This is kind of a follow-up question to one I asked earlier. I thought that if I generalize it, it would be better to ask it separately.

I want to create a derivative work of another work, which is licensed under Creative Commons Attribution Share-Alike (CC-BY-SA). This means that I need to release my work under a license compatible with CC-BY-SA.

The problem is that in my work, I also have other elements (e.g. fonts and images), which I have no right to license.

So, is it in some way possible for me to be compatible with CC-BY-SA? For example by licensing only the parts I made under CC-BY-SA and making it clear that those other elements are not licensed under CC-BY-SA?


1 Answer 1



If your derivative work contains content which you do not have rights to, such as quotations or other content used under fair use or fair dealing, or such as embedded fonts, a CC-BY-SA license would not even purport to license those elements, as I understand it. But it would be proper, perhaps desirable, to explicitly state this as part of the license statement. Something such as: "This document contains {description} to which I, the author, do not hold copyright, and which is not included in the license granted here."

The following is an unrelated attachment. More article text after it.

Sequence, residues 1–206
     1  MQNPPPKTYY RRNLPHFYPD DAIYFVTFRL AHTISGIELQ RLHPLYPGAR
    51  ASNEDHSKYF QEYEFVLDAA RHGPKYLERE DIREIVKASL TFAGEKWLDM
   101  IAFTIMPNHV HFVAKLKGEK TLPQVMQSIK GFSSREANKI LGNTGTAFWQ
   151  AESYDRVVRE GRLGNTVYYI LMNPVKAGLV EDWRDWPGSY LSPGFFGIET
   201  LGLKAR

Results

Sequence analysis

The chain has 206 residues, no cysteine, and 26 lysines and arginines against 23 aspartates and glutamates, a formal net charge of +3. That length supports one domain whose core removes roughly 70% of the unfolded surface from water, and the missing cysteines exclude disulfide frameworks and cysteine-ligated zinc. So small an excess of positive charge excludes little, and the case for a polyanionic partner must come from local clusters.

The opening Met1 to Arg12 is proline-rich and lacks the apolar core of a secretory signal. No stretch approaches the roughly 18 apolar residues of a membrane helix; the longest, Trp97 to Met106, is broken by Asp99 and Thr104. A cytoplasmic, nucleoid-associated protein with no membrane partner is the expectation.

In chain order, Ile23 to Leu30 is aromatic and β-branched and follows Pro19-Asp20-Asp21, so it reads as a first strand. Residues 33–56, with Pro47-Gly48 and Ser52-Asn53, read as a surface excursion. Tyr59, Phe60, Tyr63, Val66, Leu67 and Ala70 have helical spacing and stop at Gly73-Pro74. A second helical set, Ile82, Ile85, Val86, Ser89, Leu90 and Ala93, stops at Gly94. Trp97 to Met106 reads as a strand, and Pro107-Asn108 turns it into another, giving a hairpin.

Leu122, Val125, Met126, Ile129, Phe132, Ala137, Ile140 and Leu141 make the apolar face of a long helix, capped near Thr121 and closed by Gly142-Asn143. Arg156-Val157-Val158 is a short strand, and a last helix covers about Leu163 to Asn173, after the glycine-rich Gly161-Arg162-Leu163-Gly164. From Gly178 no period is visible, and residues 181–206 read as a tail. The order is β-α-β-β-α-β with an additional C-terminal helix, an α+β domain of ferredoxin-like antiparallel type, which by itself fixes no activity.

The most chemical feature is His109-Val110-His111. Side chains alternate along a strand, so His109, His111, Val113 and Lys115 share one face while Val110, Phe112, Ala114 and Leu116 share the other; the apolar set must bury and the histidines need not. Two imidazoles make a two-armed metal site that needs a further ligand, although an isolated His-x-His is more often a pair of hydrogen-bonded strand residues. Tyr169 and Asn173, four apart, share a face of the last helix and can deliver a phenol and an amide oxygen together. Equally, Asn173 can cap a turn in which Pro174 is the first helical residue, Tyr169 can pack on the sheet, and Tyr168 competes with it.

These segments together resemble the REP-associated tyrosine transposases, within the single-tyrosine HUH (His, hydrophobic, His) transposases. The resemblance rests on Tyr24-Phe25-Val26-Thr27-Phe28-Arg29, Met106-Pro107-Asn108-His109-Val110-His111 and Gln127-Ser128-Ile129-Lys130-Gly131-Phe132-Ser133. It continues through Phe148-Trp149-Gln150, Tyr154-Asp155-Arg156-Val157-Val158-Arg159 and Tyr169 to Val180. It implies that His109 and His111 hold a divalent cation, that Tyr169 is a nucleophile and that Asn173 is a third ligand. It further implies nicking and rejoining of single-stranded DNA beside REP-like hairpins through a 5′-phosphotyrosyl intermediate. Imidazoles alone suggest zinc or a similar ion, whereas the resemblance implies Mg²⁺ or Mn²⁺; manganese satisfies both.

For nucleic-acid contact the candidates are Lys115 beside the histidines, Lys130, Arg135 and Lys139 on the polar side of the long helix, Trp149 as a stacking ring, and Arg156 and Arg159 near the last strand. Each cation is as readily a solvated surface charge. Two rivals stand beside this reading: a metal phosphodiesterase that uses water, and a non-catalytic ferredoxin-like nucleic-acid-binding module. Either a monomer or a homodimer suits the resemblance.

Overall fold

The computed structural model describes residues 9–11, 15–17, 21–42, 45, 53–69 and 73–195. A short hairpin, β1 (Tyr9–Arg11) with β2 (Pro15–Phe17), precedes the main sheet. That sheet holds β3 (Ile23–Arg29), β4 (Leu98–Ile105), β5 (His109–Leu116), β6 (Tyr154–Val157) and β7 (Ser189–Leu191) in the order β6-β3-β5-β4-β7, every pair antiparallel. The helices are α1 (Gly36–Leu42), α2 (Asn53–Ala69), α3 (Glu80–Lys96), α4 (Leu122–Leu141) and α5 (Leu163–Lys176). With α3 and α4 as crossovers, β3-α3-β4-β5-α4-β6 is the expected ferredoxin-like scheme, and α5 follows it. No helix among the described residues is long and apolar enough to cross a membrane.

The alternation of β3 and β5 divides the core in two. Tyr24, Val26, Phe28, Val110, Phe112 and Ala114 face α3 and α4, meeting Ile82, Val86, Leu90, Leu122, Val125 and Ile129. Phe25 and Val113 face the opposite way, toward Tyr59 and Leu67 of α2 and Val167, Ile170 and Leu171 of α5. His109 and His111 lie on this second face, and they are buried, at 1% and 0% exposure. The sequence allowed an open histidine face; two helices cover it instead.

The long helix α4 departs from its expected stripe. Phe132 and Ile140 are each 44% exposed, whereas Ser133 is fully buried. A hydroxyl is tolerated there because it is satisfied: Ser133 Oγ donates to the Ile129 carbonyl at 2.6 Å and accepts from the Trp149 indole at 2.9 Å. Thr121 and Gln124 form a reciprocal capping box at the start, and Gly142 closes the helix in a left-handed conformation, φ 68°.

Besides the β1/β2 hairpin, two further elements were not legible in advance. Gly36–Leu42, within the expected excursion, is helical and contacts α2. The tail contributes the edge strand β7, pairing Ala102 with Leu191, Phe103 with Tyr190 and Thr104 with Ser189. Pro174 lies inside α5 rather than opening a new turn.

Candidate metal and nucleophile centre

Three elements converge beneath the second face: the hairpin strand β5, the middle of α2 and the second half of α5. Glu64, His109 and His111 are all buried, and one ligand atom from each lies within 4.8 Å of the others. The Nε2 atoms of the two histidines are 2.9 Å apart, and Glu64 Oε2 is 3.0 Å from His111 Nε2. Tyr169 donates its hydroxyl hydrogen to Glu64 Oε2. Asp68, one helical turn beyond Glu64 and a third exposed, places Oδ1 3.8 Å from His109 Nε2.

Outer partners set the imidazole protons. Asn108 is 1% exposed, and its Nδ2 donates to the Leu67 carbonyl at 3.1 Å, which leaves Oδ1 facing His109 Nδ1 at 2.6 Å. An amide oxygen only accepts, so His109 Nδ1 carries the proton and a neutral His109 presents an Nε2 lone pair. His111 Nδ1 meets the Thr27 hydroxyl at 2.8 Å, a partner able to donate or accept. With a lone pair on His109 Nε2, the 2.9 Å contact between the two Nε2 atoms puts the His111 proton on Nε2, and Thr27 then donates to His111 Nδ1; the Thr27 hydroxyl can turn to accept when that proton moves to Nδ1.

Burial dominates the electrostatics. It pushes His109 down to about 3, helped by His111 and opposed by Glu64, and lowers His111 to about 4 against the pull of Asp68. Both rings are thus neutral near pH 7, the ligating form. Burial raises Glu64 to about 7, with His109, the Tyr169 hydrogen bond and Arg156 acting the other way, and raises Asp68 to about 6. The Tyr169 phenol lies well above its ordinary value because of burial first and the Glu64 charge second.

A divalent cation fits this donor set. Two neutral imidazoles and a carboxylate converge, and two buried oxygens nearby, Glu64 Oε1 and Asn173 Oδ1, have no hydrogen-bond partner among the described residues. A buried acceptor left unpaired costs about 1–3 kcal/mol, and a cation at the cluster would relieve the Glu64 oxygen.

This would also be true for an original document which included fair use elements, but which the author wishes to license under CC-BY-SA. See the license used by Wikipedia as an example.

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